August 22nd, 2018
Thanks for tuning in.
This week. We put out a white paper. A Case For Points-Driven Destination-Loyalty Networks. Here's a crazy idea. A network of destination-branded travel loyalty programs. What would that look like? Perhaps something like this:
Why bother? Because the business of point loyalty is lucrative. Airlines and hotels do it because it works. If run with purpose, then destination-led programs could drive meaningful revenue for tourism offices, too.
How? By issuing points and then selling them at mark-up to hotels and local businesses - perhaps even the global hotel chains. We ran some preliminary numbers. They're looking pretty good. What would your DMO do with an extra million?
Something else to consider. The global travel industry is changing. Here is what it used to look like. The colorful circles represent destinations. The timing belt is the global value chain. Airlines and travel agents on the outside. Locally owned and run hoteliers, restaurants, shops, and tour operators on the inside.
The Network Model
This is what the global travel industry is starting to look like. The overlapping circles represent the platforms on which we all now operate. Google, Facebook, Amazon - Expedia, Booking Holdings, Marriott, and Accor want to be platforms. Why? Because owning and operating real assets is expensive. Better to push local businesses into long-term franchise agreements, inject your propriety technology, employ locals, and voilà. Mailbox money.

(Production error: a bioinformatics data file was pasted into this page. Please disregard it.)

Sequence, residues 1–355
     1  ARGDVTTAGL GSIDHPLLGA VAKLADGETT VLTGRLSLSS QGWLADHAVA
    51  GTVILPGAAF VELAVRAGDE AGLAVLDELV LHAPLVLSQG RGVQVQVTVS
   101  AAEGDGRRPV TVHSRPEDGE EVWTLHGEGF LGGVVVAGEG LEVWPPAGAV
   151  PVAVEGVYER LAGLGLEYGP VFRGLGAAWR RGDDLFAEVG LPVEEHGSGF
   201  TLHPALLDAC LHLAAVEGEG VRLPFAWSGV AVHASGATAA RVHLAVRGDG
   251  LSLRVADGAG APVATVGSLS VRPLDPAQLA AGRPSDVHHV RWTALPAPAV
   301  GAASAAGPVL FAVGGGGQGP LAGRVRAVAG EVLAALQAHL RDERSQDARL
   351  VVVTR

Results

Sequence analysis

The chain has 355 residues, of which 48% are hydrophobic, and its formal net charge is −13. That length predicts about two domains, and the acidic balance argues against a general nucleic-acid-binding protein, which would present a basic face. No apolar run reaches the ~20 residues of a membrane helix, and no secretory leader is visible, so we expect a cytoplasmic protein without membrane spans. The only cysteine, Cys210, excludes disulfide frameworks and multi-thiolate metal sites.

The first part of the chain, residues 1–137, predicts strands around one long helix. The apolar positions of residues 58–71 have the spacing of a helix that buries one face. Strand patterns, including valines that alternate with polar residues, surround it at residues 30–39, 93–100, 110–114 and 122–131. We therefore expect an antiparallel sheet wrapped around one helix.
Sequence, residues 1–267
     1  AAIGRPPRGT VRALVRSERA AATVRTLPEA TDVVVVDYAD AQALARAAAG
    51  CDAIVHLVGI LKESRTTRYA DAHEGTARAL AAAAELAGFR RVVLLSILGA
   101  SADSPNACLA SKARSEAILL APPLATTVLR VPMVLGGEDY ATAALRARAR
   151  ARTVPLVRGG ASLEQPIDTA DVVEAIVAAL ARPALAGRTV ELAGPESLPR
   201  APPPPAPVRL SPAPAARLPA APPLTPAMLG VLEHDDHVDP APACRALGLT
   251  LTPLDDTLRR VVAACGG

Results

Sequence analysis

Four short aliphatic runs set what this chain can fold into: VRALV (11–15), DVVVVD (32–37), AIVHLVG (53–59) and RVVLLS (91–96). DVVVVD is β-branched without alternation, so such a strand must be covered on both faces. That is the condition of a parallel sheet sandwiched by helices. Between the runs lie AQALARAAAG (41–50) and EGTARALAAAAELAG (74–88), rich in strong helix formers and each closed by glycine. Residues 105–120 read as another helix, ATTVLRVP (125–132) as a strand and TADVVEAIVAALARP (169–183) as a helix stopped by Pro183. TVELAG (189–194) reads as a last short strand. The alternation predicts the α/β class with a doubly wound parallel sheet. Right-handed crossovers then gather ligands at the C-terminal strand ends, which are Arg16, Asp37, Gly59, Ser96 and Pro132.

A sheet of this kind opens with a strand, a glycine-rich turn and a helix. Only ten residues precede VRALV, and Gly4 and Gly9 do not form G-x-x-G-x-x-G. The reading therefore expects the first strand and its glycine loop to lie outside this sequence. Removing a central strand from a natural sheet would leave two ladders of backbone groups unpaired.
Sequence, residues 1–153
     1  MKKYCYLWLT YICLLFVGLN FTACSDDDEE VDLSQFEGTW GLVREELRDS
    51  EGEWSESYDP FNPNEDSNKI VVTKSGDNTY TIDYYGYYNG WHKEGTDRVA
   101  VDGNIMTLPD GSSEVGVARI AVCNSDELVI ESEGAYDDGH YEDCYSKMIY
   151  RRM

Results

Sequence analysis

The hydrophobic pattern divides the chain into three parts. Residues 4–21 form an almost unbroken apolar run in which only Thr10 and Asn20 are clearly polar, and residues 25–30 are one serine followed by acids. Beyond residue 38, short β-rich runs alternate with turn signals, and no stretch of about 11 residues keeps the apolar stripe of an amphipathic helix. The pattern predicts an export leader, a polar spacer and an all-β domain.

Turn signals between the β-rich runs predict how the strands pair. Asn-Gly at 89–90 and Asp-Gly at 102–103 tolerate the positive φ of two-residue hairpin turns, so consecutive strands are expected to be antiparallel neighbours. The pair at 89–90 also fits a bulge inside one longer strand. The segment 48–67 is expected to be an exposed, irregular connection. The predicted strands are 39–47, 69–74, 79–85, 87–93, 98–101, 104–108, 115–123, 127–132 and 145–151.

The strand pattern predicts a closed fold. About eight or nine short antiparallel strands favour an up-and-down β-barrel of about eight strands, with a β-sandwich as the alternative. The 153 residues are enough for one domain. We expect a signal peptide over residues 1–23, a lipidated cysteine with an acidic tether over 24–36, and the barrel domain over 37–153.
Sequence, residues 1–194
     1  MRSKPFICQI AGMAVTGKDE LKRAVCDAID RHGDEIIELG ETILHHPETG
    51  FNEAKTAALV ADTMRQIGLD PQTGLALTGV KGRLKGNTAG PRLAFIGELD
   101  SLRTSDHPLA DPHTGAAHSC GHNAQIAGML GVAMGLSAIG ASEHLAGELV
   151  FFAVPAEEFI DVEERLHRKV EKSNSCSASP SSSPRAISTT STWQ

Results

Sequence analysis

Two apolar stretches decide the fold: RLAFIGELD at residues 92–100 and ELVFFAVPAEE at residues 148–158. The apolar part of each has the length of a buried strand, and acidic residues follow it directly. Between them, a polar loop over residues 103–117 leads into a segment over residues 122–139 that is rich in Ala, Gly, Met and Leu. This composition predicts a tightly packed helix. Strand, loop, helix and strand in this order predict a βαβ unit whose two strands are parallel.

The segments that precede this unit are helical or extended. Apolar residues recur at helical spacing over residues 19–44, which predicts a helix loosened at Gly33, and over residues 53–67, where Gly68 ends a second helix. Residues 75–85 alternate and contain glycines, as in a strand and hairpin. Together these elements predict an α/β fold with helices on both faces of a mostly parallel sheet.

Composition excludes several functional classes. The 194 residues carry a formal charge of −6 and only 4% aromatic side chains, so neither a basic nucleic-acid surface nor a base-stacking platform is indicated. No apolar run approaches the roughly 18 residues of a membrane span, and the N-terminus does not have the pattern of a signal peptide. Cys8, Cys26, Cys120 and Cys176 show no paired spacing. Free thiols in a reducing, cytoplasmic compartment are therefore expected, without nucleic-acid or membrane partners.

The Platform Model
Smart destinations should be in the business of defining and preserving place diversity. Smart tourism offices should be experimenting with new ways to stay relevant. Points-driven destination loyalty programs could work towards both objectives. Read the paper for more context.
- Just one more graph.
Local Economic Impact For Every $100 Spent
The economic multiplier effect. Spending with local businesses is good for local economies. Why? Because revenue and profit like to travel up the value chain. Perhaps through the Cayman Islands before ending up in Omaha. Textbook stuff.
What if tourism offices could help channel that visitor spend toward local businesses, and then cash in on the margin to fund their agency needs? All while creating value for residents and locals.
Doable? Yes. Hard? Perhaps not. Worth a shot? Why not.
Stop by and learn about Destination-as-a-Platform. It's our latest strategic research initiative focused on empowering communities through travel. Why strategic? Because we want to see things get done. This is not fake research (more on that later). This is technology agnostic in your face research.
More to come. Thank you.